46th Session of Indian Labour Conference to Government: Talking is Fine, but Start Doing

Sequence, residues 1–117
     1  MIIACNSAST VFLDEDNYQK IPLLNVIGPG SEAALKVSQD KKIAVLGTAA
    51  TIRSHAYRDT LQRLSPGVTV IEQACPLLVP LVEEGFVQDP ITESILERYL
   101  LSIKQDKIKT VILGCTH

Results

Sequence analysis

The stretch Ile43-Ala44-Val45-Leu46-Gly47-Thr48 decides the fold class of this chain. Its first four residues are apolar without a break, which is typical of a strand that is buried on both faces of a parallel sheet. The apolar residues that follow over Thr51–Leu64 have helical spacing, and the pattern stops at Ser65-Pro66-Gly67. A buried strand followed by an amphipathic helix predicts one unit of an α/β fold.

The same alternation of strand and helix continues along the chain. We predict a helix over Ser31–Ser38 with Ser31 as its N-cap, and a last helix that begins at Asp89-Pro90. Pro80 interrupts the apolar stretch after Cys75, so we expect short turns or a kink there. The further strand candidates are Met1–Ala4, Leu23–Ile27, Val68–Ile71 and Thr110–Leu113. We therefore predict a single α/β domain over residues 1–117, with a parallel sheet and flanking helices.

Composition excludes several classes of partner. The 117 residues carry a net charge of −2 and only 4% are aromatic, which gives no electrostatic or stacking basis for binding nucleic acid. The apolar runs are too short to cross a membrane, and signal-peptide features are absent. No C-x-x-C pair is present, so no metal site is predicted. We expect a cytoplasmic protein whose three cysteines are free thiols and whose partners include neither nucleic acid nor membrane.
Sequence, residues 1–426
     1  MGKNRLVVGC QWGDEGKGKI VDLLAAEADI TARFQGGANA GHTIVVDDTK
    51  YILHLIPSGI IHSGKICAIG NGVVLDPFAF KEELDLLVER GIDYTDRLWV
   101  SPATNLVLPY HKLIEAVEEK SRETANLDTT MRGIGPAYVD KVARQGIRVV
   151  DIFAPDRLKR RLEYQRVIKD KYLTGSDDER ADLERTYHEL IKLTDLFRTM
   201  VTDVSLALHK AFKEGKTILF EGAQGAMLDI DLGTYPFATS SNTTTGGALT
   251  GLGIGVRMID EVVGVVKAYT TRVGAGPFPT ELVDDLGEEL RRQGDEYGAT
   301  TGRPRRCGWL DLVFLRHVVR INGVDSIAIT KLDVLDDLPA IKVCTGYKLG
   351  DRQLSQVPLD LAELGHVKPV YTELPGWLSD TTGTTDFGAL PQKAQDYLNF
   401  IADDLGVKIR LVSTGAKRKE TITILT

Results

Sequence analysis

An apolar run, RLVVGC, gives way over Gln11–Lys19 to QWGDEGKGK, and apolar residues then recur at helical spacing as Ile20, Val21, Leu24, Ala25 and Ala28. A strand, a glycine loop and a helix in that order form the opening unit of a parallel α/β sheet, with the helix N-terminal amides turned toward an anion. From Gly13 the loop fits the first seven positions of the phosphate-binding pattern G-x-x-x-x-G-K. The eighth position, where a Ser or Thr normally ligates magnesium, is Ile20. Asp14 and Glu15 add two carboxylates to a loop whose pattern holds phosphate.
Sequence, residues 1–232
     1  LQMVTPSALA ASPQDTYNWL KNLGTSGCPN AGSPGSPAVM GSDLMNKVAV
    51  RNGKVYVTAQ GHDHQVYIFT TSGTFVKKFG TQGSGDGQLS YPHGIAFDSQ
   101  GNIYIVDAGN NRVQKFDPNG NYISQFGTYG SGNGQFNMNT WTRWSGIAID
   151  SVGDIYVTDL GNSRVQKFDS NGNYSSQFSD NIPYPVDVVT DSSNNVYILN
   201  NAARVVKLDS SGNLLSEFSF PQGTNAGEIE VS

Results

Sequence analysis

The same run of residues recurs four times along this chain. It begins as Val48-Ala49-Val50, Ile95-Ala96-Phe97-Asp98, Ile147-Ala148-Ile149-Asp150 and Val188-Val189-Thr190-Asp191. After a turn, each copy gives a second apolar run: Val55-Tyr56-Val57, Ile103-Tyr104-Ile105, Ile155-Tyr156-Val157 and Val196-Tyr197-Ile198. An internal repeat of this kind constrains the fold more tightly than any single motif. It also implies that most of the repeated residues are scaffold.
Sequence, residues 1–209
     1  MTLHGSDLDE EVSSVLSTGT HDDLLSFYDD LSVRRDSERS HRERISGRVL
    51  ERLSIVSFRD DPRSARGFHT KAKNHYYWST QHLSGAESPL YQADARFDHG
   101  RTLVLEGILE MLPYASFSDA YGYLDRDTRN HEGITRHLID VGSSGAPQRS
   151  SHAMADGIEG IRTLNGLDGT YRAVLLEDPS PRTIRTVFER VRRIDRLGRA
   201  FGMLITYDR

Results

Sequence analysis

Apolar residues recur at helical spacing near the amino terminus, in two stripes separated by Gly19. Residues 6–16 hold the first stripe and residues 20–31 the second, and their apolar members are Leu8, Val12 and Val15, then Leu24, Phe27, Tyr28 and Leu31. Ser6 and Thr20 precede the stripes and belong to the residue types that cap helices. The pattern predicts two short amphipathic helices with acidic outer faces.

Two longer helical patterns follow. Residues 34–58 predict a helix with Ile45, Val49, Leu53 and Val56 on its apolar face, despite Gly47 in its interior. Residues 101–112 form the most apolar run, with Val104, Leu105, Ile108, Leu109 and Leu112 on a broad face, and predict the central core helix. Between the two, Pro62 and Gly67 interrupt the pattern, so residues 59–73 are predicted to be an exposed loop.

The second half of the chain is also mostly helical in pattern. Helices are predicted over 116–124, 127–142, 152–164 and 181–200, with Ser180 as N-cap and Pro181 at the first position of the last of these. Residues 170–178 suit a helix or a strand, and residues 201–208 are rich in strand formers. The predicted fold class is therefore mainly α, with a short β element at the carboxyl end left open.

THAT was the strong message given to the government of India by the 46th session of the Indian Labour Conference (ILC), through a unanimous recommendation. The 46th session of the ILC was held in Vigyan Bhawan in New Delhi on July 20–21, 2015. ‘Review of implementation of the conclusions/recommendations of the 43rd, 44th and 45th Indian Labour Conference, particularly on Contract Labour, Minimum Wages and Scheme Workers and Tripartite Mechanism’ was the first item on the agenda of the 46th session of the ILC. The government’s attitude to the ILC recommendations can be understood from the tersely worded resolution of the concerned technical committee which was unanimously endorsed by the 46th ILC. It reads ‘‘the committee debated the recommendations of the 43rd, 44th and 45th Indian Labour Conference at length and expressed its concern over non implementation of the conclusions, particularly on contract labour, minimum wages, scheme workers and tripartism. It was therefore unanimously recommended that concrete measures should be undertaken to expeditiously implement the recommendations in letter and spirit. Periodic reviews should be undertaken by the stakeholders.” The same observations were made by the other committees which discussed ‘Social security’ and ‘Employment and employment generation’. Prime Minister Narendra Modi inaugurated the 46th session of the ILC which was chaired by the Labour Minister Bandaru Dattatreya. Finance Minister Arun Jaitley and the other ministers who are members of the Group of Ministers constituted to discuss with the trade unions also attended the ILC. The ILC was preceded by a discussion of the Group of Ministers with the representatives of all the central trade unions on their charter of demands on the basis of which they have called for a country wide joint general strike on September 2, 2015. The prime minister called the leaders of the central trade unions for tea on the evening of 19th July. The trade union leaders clearly explained their demands in these meetings. They have made clear their opposition to the amendments to the labour laws being undertaken by the government. They told that these amendments would trample the basic rights of the workers to organise, convert them into bonded labour and ultimately result in industrial unrest. However neither the prime minister nor the finance minister, both of who addressed the ILC thought it necessary to address these concerns of the working class of the country. The prime minister who spoke quite at length appeared to be addressing some election related public meeting rather than addressing the participants in the ILC. The demands raised by the trade unions in the previous day’s meeting were not addressed. Neither were the agenda items of the ILC. Instead, both the prime minister and finance minister utilised the platform of the ILC to argue the case of the employers. The prime minister extolled the virtues of tripartism and the seventy five years’ experience of tripartism in the country, even while his government was trampling tripartism underfoot, by totally ignoring the concerns of the working class voiced in all tripartite forums. The finance minister was quite explicit in his message. Contrary to the experience in our country where despite economic growth of over 8 percent, there was negative growth of employment, the conditions of the workers deteriorated with increase in contract and other types of precarious work and fall in the real wages of workers, he argued that economic growth will always protect the interest of labourers. Obliquely referring to the general strike called by the trade unions, he warned them not to persist with ideas that harm economic activity as employment generation would be affected if investments were blocked. In addition to the review of the implementation of the recommendations of the 43rd, 44th and 45th ILC, the 46th ILC also discussed ‘Social Security for the workers in organised, unorganised sector and international migrant workers’, ‘Amendment of Bonus Act – Removal of conditions on payment ceiling, eligibility limits, decisions to pay minimum bonus without linking to loss when the performance indicators satisfy grant of bonus’, ‘Labour laws amendments proposed/ done either by the central or state governments’, and ‘Employment and employment generation’. The technical committee that discussed ‘Labour laws amendments’ managed a unanimous conclusion that was also unanimously adopted by the ILC. While reiterating the historical role of tripartite mechanisms functioning in the country, it said that any labour law amendments/ enactments should take into account three purposes, viz, rights and welfare of workers, sustainability of enterprise and job creation, and industrial peace. It has recommended that the overall exercise of labour law amendments as well as the broad and specific proposals should be discussed in the tripartite forum before taking any concrete measure. No consensus could be arrived on the issue of Bonus Act amendment where the trade union representatives wanted the removal of all the three ceilings in the Bonus Act which the employers’ representatives did not agree. The Centre of India Trade Unions (CITU) was represented in the ILC by Tapan Sen, and Hemalata, general secretary and national secretary respectively as delegates and AK Padmanabhan, Swadesh Dev Roye and AR Sindhu, president and national secretaries as advisors. Speaking in the plenary, Tapan Sen commented that the attitude of the government towards workers made it appear as if the government has declared an all-out war on the working people of the country who produced wealth, contributed to the economic growth as well as made it possible for the employers to garner profits. He reminded the prime minister’s observation on tripartism and observed that tripartite exercises and recommendations would have no meaning unless they are implemented. Deeds should match words, he emphasised and said that any government department or ministry cannot be allowed to overrule the consensus recommendations of the ILC, which is the highest tripartite forum in which representatives of workers, employers and governments both central and state, participate, debate, come to conclusions and make the recommendations. The negative approach of the government to the demands not only of the workers but also all sections of the people, unitedly voiced by all the central trade unions, has only reinforced the determination of the trade unions to make the September 2 country wide general strike a resounding success. The preparations for the strike, taking the issues and demands to all the workers, linking the policies to these issues and creating awareness to further intensify the fight against the neo-liberal policies have to be intensified to give a fitting reply to this adamant BJP led government.